SpaceX's Grasshopper test rig for the Falcon 9 reusable launch vehicle has stepped up its game, with Elon Musk's private space company demonstrating that the rocket can now not only take off and land in a straight line, but track sideways as part of the maneuver. A vital talent if Grasshopper is to land safely when put into full service, the so-called divert test saw the 106-foot rocket flying to 250m while also completing a 100m lateral shift.
After that sideways movement, Grasshopper shifted back to the center position and safely landed. "The test demonstrated the vehicle's ability to perform more aggressive steering maneuvers than have been attempted in previous flights" SpaceX said of the flight this week.
Although a 100m shift may not seem like much in the grand scheme of space travel, given the Falcon 9 test rig is taller than a ten story building it's actually a particularly troublesome - but also essential - part of the reusable rocket's responsibilities. Without it, the rocket would not be able to return precisely to the same launch pad, after having returned from hypersonic travel.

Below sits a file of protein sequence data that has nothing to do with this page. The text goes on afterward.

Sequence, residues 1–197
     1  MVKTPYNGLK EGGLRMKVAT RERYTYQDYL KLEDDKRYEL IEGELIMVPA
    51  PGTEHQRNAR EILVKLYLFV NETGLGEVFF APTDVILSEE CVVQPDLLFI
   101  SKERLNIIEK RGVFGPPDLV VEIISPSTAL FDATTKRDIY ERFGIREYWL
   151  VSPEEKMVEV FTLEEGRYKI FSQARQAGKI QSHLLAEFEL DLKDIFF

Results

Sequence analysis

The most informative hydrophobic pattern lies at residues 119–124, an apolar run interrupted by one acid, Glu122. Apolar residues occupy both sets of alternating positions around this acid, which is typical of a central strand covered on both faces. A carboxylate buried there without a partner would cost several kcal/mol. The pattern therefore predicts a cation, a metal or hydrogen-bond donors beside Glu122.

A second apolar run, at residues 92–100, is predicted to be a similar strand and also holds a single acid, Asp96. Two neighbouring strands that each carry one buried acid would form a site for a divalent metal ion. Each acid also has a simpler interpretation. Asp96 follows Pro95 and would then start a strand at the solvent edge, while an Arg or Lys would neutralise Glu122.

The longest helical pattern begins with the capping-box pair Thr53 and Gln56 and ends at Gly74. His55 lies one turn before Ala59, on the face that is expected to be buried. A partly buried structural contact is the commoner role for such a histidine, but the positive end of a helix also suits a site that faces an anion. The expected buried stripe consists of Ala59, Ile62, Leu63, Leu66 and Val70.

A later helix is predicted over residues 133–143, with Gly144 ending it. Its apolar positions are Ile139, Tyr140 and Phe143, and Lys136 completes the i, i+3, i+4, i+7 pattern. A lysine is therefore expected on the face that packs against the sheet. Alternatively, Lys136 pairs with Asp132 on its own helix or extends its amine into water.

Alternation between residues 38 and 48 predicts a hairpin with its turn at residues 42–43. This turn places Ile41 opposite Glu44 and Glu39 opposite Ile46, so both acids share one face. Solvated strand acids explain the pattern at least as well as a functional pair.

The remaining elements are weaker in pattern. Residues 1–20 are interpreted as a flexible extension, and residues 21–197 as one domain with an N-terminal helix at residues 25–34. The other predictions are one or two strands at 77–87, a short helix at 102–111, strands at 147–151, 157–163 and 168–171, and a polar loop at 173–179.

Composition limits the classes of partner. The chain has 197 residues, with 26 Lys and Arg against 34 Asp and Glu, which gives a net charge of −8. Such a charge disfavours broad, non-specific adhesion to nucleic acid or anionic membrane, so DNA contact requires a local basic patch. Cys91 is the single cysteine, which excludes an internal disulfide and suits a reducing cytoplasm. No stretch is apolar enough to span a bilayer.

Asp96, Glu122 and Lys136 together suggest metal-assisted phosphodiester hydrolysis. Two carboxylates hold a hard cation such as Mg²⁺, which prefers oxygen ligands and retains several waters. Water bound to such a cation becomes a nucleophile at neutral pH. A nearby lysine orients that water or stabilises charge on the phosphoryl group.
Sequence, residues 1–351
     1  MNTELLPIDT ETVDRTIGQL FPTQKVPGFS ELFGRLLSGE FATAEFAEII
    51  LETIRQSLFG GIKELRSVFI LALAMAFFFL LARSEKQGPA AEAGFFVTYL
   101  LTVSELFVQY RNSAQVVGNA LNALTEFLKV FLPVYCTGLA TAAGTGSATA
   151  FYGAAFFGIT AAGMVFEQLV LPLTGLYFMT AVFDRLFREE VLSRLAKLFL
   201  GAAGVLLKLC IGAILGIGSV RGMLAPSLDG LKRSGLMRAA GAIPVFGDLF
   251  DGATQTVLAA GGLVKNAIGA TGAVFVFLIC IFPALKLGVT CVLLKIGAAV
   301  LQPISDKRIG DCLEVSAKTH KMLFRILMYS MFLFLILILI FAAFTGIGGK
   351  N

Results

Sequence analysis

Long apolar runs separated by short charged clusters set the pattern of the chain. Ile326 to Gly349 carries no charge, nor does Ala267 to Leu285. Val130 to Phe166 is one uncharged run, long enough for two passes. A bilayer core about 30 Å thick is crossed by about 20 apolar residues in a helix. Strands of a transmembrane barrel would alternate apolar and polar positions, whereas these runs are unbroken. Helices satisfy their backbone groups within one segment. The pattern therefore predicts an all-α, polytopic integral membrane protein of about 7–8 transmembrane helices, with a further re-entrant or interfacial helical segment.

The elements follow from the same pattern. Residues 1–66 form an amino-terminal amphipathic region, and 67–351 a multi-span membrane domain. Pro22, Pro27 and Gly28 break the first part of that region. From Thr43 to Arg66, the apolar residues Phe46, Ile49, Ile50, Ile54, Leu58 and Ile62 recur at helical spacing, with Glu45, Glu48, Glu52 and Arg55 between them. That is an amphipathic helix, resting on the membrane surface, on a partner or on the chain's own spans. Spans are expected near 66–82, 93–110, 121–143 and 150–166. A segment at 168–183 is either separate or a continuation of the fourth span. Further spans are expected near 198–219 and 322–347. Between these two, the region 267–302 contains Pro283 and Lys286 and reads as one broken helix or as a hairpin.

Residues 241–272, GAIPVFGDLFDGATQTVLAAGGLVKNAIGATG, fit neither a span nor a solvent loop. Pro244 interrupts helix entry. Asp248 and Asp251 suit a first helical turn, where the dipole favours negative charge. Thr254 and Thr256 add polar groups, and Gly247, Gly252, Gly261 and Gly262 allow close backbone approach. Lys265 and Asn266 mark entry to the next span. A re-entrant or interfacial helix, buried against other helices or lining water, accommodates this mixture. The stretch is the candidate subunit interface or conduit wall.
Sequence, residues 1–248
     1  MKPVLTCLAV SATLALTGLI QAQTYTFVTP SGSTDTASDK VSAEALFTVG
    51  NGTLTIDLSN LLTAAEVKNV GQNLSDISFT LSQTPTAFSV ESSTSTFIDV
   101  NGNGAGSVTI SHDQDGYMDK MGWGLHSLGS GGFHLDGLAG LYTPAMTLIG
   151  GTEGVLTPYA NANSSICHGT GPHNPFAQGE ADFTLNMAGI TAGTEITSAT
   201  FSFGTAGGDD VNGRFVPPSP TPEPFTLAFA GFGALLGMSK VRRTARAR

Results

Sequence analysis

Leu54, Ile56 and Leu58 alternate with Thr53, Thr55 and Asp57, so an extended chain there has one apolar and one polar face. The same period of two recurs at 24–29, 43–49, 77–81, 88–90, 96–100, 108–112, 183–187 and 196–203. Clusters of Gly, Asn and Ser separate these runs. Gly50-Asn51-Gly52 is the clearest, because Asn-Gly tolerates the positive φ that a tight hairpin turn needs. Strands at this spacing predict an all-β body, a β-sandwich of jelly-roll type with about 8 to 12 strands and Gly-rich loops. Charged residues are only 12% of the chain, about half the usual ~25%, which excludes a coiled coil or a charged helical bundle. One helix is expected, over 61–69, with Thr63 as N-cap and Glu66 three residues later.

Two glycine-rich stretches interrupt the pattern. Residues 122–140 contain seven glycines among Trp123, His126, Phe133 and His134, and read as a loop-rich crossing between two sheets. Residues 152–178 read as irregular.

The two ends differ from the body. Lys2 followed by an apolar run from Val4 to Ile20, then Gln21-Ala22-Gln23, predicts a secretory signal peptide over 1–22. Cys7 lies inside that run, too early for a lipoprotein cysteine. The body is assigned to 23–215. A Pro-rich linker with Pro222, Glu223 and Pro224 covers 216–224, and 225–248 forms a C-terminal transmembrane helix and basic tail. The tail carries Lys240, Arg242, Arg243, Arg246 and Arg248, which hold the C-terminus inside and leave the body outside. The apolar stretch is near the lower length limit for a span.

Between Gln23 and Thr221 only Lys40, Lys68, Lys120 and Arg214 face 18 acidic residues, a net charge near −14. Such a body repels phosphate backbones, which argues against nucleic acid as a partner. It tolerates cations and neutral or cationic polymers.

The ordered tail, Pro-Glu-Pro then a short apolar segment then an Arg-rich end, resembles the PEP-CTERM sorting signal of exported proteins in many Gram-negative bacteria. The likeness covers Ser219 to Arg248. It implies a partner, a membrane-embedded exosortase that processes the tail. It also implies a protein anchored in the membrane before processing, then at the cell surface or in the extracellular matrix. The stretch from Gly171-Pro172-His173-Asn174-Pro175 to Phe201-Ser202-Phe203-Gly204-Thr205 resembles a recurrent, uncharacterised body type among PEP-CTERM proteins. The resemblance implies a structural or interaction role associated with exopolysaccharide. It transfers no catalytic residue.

Intended to operate as a test-bed for SpaceX's eventual reusable launch platform project, Grasshopper has been undergoing multiple flight tests in the past year. Although the test this week only saw it climb to around 820 feet, a previous trial managed 1,060 feet.
Of course, the system will have to go significantly higher if it's to be of use to NASA. SpaceX plans to introduce a second version of Grasshopper - known as v1.1 - sometime after October 2013, which will stand 160 feet tall and use nine of the engines from the Falcon 9-R rocket, rather than Grasshopper v.1's single engine.
When testing begins, Grasshopper v1.1 is expected to eventually fly to heights of 300,000 feet, launching from a specially constructed pad at Spaceport America, New Mexico.